The common origin story for half-orcs is that they are a supernatural response to the existence of orcs. …Half-orcs are most common outside the Empire in the barbaric wildlands. Until the last century or so, half-orcs were rare inside the Empire except on the frontier. – 13th Age

Half-orcs are common in the Black March, and the people who govern or have settled in the province have mixed reactions to them. Many see them as potentially valuable in dealing with the orc tribes as sources of insight and information, or as fighters who can match an orc warrior’s fearsomeness. If they look sufficiently orcish, they may be sought out as ambassadors or even infiltrators.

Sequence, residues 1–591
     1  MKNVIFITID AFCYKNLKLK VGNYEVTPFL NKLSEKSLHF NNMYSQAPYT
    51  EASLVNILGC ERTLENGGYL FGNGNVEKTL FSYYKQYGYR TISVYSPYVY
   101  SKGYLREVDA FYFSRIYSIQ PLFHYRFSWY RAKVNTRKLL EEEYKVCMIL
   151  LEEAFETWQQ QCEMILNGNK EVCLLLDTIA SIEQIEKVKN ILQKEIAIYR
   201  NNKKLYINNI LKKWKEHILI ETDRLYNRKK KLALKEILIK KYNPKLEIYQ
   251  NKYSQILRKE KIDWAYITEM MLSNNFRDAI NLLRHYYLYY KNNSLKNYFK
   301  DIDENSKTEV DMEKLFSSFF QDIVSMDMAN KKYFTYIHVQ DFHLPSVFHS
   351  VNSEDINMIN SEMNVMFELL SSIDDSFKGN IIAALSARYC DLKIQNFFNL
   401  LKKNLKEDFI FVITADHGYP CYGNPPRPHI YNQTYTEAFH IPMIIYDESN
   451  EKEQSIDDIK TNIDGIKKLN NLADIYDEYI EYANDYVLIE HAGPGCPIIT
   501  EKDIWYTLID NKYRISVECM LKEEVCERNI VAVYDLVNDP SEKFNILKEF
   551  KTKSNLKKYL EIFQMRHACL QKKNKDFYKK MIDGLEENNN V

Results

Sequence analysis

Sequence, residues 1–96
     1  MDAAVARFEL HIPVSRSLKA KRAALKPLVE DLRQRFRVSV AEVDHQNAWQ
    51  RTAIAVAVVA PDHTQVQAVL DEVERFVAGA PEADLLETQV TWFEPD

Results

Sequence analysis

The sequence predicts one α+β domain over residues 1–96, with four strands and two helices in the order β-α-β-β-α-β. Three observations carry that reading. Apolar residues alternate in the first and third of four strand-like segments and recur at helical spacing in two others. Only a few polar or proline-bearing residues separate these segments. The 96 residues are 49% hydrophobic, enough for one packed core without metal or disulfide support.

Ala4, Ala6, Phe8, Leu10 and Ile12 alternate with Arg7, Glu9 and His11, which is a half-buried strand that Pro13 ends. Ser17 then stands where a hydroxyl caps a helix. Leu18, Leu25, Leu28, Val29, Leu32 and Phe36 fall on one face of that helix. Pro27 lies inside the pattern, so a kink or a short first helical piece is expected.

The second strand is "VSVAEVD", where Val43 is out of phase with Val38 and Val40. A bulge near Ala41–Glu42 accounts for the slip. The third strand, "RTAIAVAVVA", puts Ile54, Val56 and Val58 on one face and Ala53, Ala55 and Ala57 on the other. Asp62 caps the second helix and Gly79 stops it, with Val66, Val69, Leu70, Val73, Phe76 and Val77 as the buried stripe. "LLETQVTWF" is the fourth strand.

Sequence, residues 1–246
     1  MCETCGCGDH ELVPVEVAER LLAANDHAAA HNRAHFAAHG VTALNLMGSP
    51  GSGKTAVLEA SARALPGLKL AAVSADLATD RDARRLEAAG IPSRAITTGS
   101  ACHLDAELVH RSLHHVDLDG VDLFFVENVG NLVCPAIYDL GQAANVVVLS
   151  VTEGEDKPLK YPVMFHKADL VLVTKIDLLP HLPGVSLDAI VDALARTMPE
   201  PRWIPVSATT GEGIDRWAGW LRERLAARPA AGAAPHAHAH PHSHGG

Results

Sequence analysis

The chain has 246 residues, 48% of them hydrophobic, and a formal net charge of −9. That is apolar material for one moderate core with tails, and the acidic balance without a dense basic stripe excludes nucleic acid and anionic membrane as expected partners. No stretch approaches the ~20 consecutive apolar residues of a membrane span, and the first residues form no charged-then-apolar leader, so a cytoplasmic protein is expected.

(Of course, just because someone is a half-orc doesn’t mean they’re experts on orcish culture or can speak the language. Other races — with the notable exception of half-elves — just can’t seem to grasp that.)

Others, who take the rise of the Orc Lord seriously, are wary of half-orcs. If he succeeds in uniting the orc tribes into a vast, disciplined army, can the half-orcs be relied on to stand with the Empire? Or will they join the horde?

Half-orcs have no doubt that the Orc Lord exists and has the potential to unite the tribes. In fact, nearly all of them have been approached at one time or another by orcs who tell them that a new day is coming. These orcs say that there is no such thing as a “half orc” — they are true orcs, and their place is with the tribes. They encourage the half-orcs to join their brethren beneath the mountains and help create a brighter tomorrow under the banner of the Orc Lord.

The half-orcs can’t help but note that no human, however friendly, has ever said anything like that to them.


Blackmarch WadeRockett WadeRockett